Despite What You Think, David Cronenberg Doesn't Actually Hate Hollywood

"Maps to the Stars" is a nauseating ride through the conniving, narcissistic and (literally) incestuous world of modern day Hollywood -- at least as imagined by writer Bruce Wagner and brought to life by director David Cronenberg. Julianne Moore, John Cusack, Robert Pattinson, Mia Wasikowska and even Carrie Fisher show up in the film, which functions like a horrific version of Robert Altman's "The Player." HuffPost Entertainment caught up with Cronenberg to talk about why he (as well as Wagner) doesn't consider the polarizing film a satire, and why there's so much incest in the film. Here's what you need to know about "Maps," courtesy of Cronenberg:

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The film represents Wagner’s perspective on Hollywood, not Cronenberg's.
"I’m a Canadian and I’ve always lived in Toronto. Bruce was sort of raised in L.A. and has been involved with the movie business. Obviously his experience of Hollywood and mine are different. For me, it was like most people. I thought it was a place these great movies came from, like Walt Disney to Errol Flynn. But on the other hand, since my first trip to L.A. in the early ‘70s, I have had all kinds of meetings with studios executives, enough to confirm that what Bruce writes about is accurate."

But he doesn't hate Hollywood.
"In the French newspaper, I think it was Le Monde, they had a headline over my interview that said, 'Je ne déteste pas Hollywood' -- 'I don’t hate Hollywood.' The French critics were assuming that all these years there was this festering anger in me about Hollywood, how they imagined I might have been treated. So I said, 'Not true.' I have great affections for Hollywood and Hollywood’s past."

While very dark, the humor in "Maps" is essential for Cronenberg.
"Of course, the movie is funny on certain level, there’s no question. I’ve often been asked, 'Will you ever make a comedy?' and my response is, 'I think I’ve made nothing but.' Inasmuch as I couldn’t live my life without humor. I couldn’t be on the film set without humor, and I couldn’t really make a movie without humor. I think it’s so innately a part of the human condition. The way that we deal with absurdity and ridiculous things in life, you have to have humor. I don’t think the fact that ['Maps'] is funny means that it’s not accurate. People laughing at [certain scene in the film], that’s a perfectly appropriate response. I would laugh myself."


But "Maps" is not a satire.
"What Bruce writes about is accurate. What he writes is not really satire, it’s more like a documentary, really. I get kind of pedantic when I think of what the word satire means. It has a very specific meaning. I think these days people think satire is funny and nasty, but it’s really more than that. You think of Jonathan Swift’s Gulliver’s Travels or A Modest Proposal. These were real satires and they involve all kinds of extreme exaggeration and often fantastic things that are there to show the hypocrisy or the cruelty of some regime or government. For me, therefore, I don’t see 'Maps' as a satire at all in that technical sense of the word. It’s really pretty accurate. If it’s accurate just on a human level or a conceptual level, then it’s not really satire."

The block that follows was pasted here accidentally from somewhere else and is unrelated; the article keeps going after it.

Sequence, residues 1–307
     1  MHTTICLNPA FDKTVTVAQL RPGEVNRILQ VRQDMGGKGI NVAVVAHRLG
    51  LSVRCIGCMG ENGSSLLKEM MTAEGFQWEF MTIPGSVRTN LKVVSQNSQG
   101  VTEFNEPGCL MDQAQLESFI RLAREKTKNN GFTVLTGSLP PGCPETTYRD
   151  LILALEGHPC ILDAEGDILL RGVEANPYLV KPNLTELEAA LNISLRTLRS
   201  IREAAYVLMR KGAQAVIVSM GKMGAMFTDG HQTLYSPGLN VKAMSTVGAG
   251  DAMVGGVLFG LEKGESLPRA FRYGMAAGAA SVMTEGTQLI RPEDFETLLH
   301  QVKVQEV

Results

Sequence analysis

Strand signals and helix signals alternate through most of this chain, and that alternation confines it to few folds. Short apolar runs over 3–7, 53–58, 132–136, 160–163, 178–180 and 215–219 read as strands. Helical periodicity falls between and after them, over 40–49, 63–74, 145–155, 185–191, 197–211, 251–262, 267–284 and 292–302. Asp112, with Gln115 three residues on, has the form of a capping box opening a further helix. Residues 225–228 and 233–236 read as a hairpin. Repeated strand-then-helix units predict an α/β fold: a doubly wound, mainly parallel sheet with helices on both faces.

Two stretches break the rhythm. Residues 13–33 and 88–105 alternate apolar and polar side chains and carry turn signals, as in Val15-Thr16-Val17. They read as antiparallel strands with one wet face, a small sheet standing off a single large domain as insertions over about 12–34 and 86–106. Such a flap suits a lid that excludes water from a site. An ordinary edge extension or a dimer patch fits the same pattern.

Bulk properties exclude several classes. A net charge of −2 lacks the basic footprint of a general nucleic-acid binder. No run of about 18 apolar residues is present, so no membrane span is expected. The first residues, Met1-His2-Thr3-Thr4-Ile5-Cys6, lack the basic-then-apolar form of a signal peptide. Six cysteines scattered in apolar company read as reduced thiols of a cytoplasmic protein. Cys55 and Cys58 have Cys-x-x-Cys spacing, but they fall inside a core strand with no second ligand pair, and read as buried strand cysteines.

While seemingly hyperbolic, the film's many over-the-top, violent moments are true to Hollywood history.
"Kenneth Anger’s book Hollywood Babylon is full of true life stories of people laying bleeding having been bludgeoned by their lovers, their producers, their studio heads. Hollywood Babylon is one example, but there are endless incidents of spectacular murders and what you would call over-the-top stuff that’s happened in the history of Hollywood. It’s extreme, but it’s real."


There's a lot of incest in the film, which relates to Greek tragedy and the nature of Hollywood itself.
"In a way, we think of Hollywood as royalty, and when you think of the Egyptian dynasties, incest was considered a positive thing. Because you were so royal, because your blood was so special, to mate with someone who wasn’t part of that was considered demeaning. I think there’s a suggestion of that in what Bruce has constructed. It’s maybe a reflection of the greater kind of incestuousness of Hollywood in which people know each other, interact with each other, steal from each other, imitate each other; kind of an incestuousness which is not in fact healthy just as genetically we know incest is not healthy. Perhaps that is one of Bruce’s comments on the insularity of Hollywood, how it needs fresh blood and it doesn’t get enough, so you end up with movies that are boring or familiar or remakes. I think that’s really what it’s about."

"Maps to the Stars" opens on Feb. 27.